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Insular BooksVernacular manuscript miscellanies in late medieval Britain$
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Margaret Connolly and Raluca Radulescu

Print publication date: 2015

Print ISBN-13: 9780197265833

Published to British Academy Scholarship Online: September 2015

DOI: 10.5871/bacad/9780197265833.001.0001

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Amateur Book Production and the Miscellany in Late Medieval East Anglia

Amateur Book Production and the Miscellany in Late Medieval East Anglia

Tanner 407 and Beinecke 365

Chapter:
(p.157) 9 Amateur Book Production and the Miscellany in Late Medieval East Anglia
Source:
Insular Books
Author(s):

Carol M. Meale

Publisher:
British Academy
DOI:10.5871/bacad/9780197265833.003.0009

The manuscripts discussed here, Oxford, Bodleian Library, Tanner MS 407 and New Haven, Yale University Library, Beinecke 365, were produced roughly contemporaneously and within a relatively small geographical area. Tanner is the work of one man, Robert Reynes of Acle, and is noted for the eclecticism of its contents. Beinecke, meanwhile, was the work of two scribes, the first anonymous, the second Robert Melton of Stuston. The first copyist’s work is largely religious and exemplary; Melton’s contributions are non-literary, consisting of prayers and copies of accounts and deeds relating to his role of steward to the Cornwallis family. Study of content is complemented by analysis of the structure of each book while comparison of the dramatic texts lends particularity to the taxonomic distinctions which must be drawn between them.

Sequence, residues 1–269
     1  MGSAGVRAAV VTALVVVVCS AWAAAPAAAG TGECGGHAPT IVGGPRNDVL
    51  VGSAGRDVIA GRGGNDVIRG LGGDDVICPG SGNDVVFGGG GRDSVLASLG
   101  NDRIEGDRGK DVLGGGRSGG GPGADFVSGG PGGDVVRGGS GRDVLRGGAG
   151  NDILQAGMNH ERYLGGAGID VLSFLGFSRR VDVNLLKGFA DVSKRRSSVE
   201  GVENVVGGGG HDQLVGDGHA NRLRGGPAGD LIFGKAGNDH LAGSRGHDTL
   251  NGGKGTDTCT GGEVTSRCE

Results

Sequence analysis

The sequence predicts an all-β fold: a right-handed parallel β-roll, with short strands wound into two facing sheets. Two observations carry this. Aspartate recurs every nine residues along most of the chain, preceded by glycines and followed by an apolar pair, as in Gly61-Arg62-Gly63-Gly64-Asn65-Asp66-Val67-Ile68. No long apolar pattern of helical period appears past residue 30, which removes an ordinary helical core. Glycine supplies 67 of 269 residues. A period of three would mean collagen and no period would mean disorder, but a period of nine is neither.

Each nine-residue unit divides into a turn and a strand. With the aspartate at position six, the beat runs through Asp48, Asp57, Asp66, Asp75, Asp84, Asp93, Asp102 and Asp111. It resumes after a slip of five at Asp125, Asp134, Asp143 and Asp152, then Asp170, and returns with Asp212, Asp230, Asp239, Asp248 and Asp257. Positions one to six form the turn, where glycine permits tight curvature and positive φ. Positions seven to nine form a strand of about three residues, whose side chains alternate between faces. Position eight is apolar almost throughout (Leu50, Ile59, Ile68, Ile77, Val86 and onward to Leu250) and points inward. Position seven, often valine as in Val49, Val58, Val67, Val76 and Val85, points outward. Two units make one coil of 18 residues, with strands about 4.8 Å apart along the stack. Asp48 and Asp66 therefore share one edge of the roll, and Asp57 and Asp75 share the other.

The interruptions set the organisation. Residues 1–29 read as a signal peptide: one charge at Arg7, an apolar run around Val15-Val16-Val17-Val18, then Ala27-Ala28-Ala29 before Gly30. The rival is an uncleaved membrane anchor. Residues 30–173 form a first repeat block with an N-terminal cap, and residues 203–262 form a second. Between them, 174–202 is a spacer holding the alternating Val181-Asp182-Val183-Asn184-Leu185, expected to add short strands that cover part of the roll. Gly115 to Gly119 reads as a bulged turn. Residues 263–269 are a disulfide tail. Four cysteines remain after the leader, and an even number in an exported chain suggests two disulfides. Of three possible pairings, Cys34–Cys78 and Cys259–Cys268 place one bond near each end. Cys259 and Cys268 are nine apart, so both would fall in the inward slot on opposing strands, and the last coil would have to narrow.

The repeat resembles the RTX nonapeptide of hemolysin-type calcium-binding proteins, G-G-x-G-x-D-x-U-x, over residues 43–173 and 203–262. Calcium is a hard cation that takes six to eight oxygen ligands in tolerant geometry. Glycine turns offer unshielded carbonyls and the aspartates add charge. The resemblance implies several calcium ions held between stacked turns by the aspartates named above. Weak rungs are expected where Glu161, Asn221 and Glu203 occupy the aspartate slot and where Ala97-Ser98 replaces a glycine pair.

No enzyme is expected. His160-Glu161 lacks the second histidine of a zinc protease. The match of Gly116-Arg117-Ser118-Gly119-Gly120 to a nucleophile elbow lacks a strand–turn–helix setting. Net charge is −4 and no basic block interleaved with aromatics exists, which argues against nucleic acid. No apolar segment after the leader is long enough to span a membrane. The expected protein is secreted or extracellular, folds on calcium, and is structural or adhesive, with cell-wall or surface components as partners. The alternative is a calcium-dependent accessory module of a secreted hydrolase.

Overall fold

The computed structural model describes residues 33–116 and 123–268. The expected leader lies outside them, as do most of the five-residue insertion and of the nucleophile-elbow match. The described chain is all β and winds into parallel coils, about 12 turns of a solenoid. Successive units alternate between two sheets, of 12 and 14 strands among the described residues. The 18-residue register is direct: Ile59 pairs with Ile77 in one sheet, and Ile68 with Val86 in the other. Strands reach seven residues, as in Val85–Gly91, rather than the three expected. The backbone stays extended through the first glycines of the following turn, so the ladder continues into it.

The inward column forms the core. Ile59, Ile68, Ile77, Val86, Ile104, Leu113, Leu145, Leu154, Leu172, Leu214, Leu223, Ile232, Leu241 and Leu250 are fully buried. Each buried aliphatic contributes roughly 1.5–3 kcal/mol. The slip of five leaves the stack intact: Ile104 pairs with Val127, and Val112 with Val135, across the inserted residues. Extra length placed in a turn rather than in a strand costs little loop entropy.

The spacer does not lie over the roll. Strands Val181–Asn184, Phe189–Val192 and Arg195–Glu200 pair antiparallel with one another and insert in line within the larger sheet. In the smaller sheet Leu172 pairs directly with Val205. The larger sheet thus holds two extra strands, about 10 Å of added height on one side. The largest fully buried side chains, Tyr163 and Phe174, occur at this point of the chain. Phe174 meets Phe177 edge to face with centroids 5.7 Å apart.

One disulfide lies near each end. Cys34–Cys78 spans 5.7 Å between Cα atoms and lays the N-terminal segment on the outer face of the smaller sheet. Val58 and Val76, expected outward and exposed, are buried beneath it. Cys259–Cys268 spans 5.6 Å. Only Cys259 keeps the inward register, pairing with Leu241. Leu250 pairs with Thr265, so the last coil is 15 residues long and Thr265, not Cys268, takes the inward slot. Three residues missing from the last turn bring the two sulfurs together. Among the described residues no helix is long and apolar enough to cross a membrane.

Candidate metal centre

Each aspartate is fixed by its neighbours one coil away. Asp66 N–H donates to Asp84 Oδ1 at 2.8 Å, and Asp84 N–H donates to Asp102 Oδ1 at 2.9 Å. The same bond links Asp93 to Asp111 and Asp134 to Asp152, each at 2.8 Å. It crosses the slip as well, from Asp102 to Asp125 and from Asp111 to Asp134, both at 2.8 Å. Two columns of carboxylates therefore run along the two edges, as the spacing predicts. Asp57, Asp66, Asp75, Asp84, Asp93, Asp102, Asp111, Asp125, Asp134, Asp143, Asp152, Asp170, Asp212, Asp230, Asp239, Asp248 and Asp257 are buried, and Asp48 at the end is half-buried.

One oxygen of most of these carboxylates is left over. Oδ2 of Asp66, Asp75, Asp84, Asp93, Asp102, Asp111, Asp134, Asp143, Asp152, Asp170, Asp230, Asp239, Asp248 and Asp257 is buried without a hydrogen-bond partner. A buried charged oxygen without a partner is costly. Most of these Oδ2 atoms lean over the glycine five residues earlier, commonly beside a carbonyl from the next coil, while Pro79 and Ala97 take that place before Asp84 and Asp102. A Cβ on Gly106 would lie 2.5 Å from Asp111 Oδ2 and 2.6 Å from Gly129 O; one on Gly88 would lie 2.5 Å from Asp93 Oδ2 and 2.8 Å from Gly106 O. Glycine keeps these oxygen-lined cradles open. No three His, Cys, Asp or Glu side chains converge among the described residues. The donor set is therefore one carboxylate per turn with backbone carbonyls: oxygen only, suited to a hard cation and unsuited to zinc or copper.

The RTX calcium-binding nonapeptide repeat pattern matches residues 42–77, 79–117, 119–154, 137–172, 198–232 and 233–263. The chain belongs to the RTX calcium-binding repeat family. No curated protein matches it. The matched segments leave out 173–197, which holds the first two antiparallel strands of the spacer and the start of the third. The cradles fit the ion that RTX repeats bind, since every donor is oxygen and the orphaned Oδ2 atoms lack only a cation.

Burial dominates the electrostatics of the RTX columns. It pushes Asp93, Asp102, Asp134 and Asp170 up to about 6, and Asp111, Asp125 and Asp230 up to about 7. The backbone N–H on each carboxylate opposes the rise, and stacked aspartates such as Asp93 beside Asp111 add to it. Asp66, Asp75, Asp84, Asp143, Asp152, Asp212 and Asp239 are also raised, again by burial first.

Keywords:   Oxford, Bodleian Library, Tanner MS 407, New Haven, Yale University Library, Beinecke 365, Robert Reynes of Acle, Robert Melton of Stuston, medieval drama

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